Ray Allen POS-12 flap position sensor installation


I'm looking for installation recommendations (pictures) of Ray Allen POS-12 position sensor on a IV-P to display flap position on G3x. My first guess is to mount it someplace under the rear seat, attached to the flap bell crank. I have searched the site and only found one post. Any suggestions on how to, or how not to, are welcome.


rpastusek's picture



I used model airplane control linkage parts like Gordon P to connect a Ray Allen linear position indicator to the flap bellcrank. I bolted a small AL tab to the bellcrank to achieve the correct travel/throw length needed by the sensor. It’s worked without issues for 15 years now…

I’ve looked for a picture w/o success, but could remove my pressure controller to gain access/ take pix if that would help??

I have one that doesn't work,

I have one that doesn't work, if that info is useful to you.
I'll have to get to the airport to take some photos.
The builder attached it to the bellcrank.

When the flaps are physically at 15°, the flap indicator zips to full flaps.
I replaced the indicator in case that was the problem; nope.
I figured there was something wrong with the geometry
I have not yet figured out what will fix it but will be following your thread.

harrelson's picture

I save weight and money. I

I save weight and money. I look out the window. For takeoff I match 'em to the full deflection ailerons. For approach flaps I hold 'em down for 3 seconds (gets to the same position as takeoff flaps). Why would you need a flap indicator at all?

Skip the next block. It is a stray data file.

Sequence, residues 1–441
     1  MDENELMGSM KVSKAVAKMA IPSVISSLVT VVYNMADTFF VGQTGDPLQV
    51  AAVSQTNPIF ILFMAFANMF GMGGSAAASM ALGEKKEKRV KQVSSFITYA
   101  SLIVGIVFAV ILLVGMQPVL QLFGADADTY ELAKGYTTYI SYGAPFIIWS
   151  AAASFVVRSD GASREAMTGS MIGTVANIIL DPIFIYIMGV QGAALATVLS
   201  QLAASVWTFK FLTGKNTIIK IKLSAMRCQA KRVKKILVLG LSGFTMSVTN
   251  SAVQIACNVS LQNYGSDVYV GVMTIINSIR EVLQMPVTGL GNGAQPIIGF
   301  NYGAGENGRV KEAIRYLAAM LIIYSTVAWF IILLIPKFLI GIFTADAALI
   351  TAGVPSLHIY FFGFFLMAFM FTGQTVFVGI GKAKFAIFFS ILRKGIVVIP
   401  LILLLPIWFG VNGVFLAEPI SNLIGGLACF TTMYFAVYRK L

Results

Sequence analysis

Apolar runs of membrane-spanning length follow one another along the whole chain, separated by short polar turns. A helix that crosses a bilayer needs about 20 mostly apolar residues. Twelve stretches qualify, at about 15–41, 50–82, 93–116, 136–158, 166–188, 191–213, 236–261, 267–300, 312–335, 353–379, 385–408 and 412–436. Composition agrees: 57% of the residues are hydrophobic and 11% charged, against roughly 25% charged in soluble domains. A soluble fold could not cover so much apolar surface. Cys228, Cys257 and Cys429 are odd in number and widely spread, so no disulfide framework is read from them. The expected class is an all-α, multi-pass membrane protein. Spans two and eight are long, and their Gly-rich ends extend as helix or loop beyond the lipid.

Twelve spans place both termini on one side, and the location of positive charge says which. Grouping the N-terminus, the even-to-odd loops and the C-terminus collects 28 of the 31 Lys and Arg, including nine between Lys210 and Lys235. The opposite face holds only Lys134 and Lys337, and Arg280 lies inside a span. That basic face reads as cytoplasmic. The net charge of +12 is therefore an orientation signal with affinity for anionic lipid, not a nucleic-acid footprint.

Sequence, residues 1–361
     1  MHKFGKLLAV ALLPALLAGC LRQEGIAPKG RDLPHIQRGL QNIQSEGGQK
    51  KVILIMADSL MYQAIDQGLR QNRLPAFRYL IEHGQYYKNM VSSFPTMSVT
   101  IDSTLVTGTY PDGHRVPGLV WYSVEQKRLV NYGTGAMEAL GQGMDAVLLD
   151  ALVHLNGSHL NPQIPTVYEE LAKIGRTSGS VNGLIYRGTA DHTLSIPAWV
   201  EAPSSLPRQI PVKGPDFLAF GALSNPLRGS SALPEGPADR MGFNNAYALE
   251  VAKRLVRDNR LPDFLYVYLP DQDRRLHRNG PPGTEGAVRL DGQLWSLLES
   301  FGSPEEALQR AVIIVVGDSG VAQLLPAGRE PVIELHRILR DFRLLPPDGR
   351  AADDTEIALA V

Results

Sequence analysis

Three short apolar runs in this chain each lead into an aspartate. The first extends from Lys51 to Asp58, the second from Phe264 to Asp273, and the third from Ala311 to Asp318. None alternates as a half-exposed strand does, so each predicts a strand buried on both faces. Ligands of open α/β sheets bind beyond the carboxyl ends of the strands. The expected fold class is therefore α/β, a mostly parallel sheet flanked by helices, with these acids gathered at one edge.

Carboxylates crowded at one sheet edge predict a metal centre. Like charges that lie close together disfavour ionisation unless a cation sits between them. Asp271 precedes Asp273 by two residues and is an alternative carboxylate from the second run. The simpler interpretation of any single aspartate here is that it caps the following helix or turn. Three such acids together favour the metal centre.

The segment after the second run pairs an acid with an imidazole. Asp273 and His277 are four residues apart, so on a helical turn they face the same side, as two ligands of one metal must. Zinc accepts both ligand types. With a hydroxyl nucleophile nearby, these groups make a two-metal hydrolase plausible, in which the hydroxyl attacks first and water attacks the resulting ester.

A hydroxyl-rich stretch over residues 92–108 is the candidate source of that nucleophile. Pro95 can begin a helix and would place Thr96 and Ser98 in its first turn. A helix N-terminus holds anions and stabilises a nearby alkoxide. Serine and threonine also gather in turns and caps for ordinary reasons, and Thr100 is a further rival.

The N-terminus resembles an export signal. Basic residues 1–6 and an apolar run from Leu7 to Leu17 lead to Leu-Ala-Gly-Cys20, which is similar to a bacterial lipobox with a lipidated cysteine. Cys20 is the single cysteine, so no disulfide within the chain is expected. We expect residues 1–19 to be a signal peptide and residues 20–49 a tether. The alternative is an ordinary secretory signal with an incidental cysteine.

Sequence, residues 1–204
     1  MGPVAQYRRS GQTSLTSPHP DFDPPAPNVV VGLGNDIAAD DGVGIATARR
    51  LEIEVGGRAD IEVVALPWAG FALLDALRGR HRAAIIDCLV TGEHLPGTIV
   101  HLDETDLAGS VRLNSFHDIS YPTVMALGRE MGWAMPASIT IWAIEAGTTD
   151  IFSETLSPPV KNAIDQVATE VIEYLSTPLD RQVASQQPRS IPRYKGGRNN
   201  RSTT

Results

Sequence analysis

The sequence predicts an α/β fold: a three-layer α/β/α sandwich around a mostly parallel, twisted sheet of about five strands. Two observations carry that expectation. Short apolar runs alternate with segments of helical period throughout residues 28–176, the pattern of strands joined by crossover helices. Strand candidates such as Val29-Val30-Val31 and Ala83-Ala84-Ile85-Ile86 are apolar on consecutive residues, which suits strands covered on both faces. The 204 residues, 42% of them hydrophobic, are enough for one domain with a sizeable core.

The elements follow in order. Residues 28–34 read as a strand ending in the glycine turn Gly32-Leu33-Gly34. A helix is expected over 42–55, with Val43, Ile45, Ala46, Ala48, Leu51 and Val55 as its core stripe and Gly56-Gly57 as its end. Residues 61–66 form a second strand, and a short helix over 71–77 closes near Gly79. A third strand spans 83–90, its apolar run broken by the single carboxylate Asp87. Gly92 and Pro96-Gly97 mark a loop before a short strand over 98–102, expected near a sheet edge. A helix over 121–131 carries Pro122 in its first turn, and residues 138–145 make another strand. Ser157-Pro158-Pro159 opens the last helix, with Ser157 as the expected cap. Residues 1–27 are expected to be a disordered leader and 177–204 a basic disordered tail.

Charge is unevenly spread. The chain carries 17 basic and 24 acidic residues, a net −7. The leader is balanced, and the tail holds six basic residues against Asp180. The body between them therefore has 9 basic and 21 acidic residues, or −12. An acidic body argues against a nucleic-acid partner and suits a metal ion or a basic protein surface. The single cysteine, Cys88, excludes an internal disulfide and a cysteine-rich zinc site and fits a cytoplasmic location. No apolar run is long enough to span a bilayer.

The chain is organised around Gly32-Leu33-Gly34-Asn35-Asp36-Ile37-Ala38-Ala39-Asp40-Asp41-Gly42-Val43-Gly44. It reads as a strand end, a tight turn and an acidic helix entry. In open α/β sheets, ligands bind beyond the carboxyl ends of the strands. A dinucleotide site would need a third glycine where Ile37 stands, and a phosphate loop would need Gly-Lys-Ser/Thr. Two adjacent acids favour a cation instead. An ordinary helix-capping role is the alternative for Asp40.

I suspect Bill does the same

I suspect Bill does the same as me at night - shine a flashlight out there to see where they are.

I have a very nice

I have a very nice installation - photos to follow

very simple and adjustable

Lancairmikees's picture

I'm kind of with Bill on this

I'm kind of with Bill on this one. I have a sensor connected to a GRT EFIS for display but in reality never look at it. I do have a AOA which gives me an audible "Flaps" at about 20 degrees deflection though. 

I wonder how the EFIS knows

I wonder how the EFIS knows the flaps are at 20...?!

Or perhaps the AOA is calibrated to that configuration?

Thanks to all for your input.

Thanks to all for your input.  I have included the pictures that are most representative of the responses I have received.

Pictures 1,2 and 3 show a version that also has a micro switch wired to the AOA to automatically change the AOA from "flaps up" to "flaps down" configuration.  The aluminum template was used to find the correct orientation and attach point to get the throw needed. The push rod on this installation was made from remote control airplane linkages. 

Picture A is from a different IV that shows that owners final location of the sensor and push rod to the bell crank.  The sensor can be mounted facing up or facing aft.  Dealers choice.

Other general comments I've received are 1) It is important that the throw of the sensor actuator is such that it does not bottom out on either end, 2) making the push rod length adjustable simplifies things



off-topic question; Ken in

off-topic question; Ken in pic 3, what is the black cylinder plumbed in with the 90° twist valve?



Sorry, I don't know what that cylinder is for.  Not my airplane. Maybe emergency gear extension???


rpastusek's picture



Thats my airplane-under construction. It’s a hi-flow fuel filter; one of two I removed before first flight—based on advice from Ed Smith, an expert in these matters. His specific words: “Never put an obstruction such as a filter in the inlet to a pump; after the pump is OK, but not before.”


Lancairmikees's picture

The EFIS is only a display of

The EFIS is only a display of relative position. The AOA is a separate unit connected to a dedicated micro switch that closes at 20 degrees and greater deflection